The fly is this: Europe and much of the rest of the world are freeloading off the U.S., which is generating the real wealth largely because of its inequality.

That is actually a pretty bold statement, so I will cite an authority: an MIT Department of Economics paper by Daron Acemoglu of MIT, James A. Robinson of Harvard, and Thierry Verdier of the Paris School of Economics.

We show that, under plausible assumptions, the world equilibrium is asymmetric: some countries will opt for a type of 'cutthroat' capitalism that generates greater inequality and more innovation and will become the technology leaders, while others will free-ride on the cutthroat incentives of the leaders and choose a more cuddly form of capitalism. Paradoxically, those with cuddly reward structures, though poorer, may have higher welfare than cutthroat capitalists; but in the world equilibrium, it is not a best response for the cutthroat capitalists to switch to a more cuddly form of capitalism. [My emphasis.]

Why would this be so? Why is inequality "good"?

A greater gap of incomes between successful and unsuccessful entrepreneurs (thus greater inequality) increases entrepreneurial effort and hence a country's contribution to the world technology frontier.

We all know that the U.S. has been defending Europe and the "free world" since World War II.  But the U.S. spends just 4.06% of its GDP on defense, according to the CIA World Factbook.  France spends 2.6%, and the U.K. spends 2.7%.  That 1.5%-of-GDP gap is not significant in explaining the differences in wealth.

Take Canada, which spends only 1.1% of its GDP on defense and is one of the wealthier large countries.  It is 83.9% as wealthy as the U.S.  If you net out what we both spend on defense, it is still only 86.5% as wealthy as the U.S.  Defense spending does not explain the large differences in wealth between the U.S. and most of the world.

So, yes, the free world freeloads off us for defense.  But that's a minor part of its total freeloading portfolio.

We often hear things like "Americans constitute 5% of the world's population but consume 24% of the world's energy." W hat you don't hear as often is how much we produce.

From 1982 to 2007, more than half (51% to 60%) of all U.S. patents were of U.S. origin.

Europe is quick to brag about its health care system compared to the U.S.  Europe simply buys the drugs that we in the U.S. paid to develop.  According to Health Affairs:

Country-level analyses for 1993-2003 indicate that U.S. firms overtook their European counterparts in innovative performance or the introduction of first-in-class, biotech, and orphan products. The United States also became the leading market for first launch... It is striking that the United States accounted for 68 percent of first-in-class launches, 45 percent of biotech launches, and 69 percent of orphan launches after 1993.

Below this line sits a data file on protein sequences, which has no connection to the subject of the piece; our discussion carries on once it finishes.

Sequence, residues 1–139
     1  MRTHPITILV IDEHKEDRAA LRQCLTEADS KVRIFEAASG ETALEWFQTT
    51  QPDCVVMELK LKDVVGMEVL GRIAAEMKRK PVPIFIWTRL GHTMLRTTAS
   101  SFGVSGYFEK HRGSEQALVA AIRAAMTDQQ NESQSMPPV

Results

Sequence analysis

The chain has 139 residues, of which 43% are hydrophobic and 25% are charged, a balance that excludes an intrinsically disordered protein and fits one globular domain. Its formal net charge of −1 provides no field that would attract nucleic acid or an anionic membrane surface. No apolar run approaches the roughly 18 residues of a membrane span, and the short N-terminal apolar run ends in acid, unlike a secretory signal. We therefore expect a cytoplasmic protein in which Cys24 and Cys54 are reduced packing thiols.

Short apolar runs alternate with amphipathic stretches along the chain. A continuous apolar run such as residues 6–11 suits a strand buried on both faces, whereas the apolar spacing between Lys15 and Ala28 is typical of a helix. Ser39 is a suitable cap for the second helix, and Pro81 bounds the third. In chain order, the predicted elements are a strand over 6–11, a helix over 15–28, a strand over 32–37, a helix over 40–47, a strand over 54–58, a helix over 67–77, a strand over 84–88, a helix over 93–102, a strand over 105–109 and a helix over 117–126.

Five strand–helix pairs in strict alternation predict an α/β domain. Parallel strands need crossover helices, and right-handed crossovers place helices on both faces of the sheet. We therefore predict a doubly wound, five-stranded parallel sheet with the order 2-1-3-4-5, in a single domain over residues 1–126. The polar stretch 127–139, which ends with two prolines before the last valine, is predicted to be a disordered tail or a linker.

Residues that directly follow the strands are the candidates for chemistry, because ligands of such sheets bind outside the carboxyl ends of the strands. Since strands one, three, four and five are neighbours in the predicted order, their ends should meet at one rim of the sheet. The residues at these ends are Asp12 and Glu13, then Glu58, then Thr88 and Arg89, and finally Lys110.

There was a real "Green Revolution," but it wasn't "green" energy; it was things that are truly green -- things that grow and that we can eat.  The Green Revolution, born in the U.S., is credited with saving a billion people from starvation.  The U.S. grows enough to feed itself and still export another 10% to 30% for the rest of the world.  Only about 2% of us use about 2% of the land to feed 120% of us.

With the U.S. defending it, Europe is free to foster its "cuddly capitalism."  After the U.S. innovates something, Europe can copy it.  It copies our agriculture, our drugs, our health care, our aerospace, almost everything.  In return, we got the Beatles, Abba, and IKEA.  Oh, and World Wars I and II.

We already do spread our wealth.  Even the oil-rich countries are rich because the U.S. developed the technologies for finding that oil, getting it out of the ground, refining it, distributing it, and using it.

And for all this we don't even demand a "thank you," much less tribute.  No, all we want are two things: (1) don't kill us, and (2) let us buy and sell with your people at prices they agree to.  That's how bad we are.

Once the U.S. completes its transition to becoming just another European country, who will be the new U.S. off whom we all get to freeload?  No one.  We are the Golden Goose.  Kill us, and the whole party is over.

That's the big fly in the ointment of thinking we in the U.S. can just copy Europe's cuddly capitalism.  Ronald Reagan said it better, almost 50 years ago.

You and I have a rendezvous with destiny. We will preserve for our children this, the last best hope of man on Earth, or we will sentence them to take the last step into a thousand years of darkness.

Those weren't just words.

Randall Hoven can be followed on Twitter.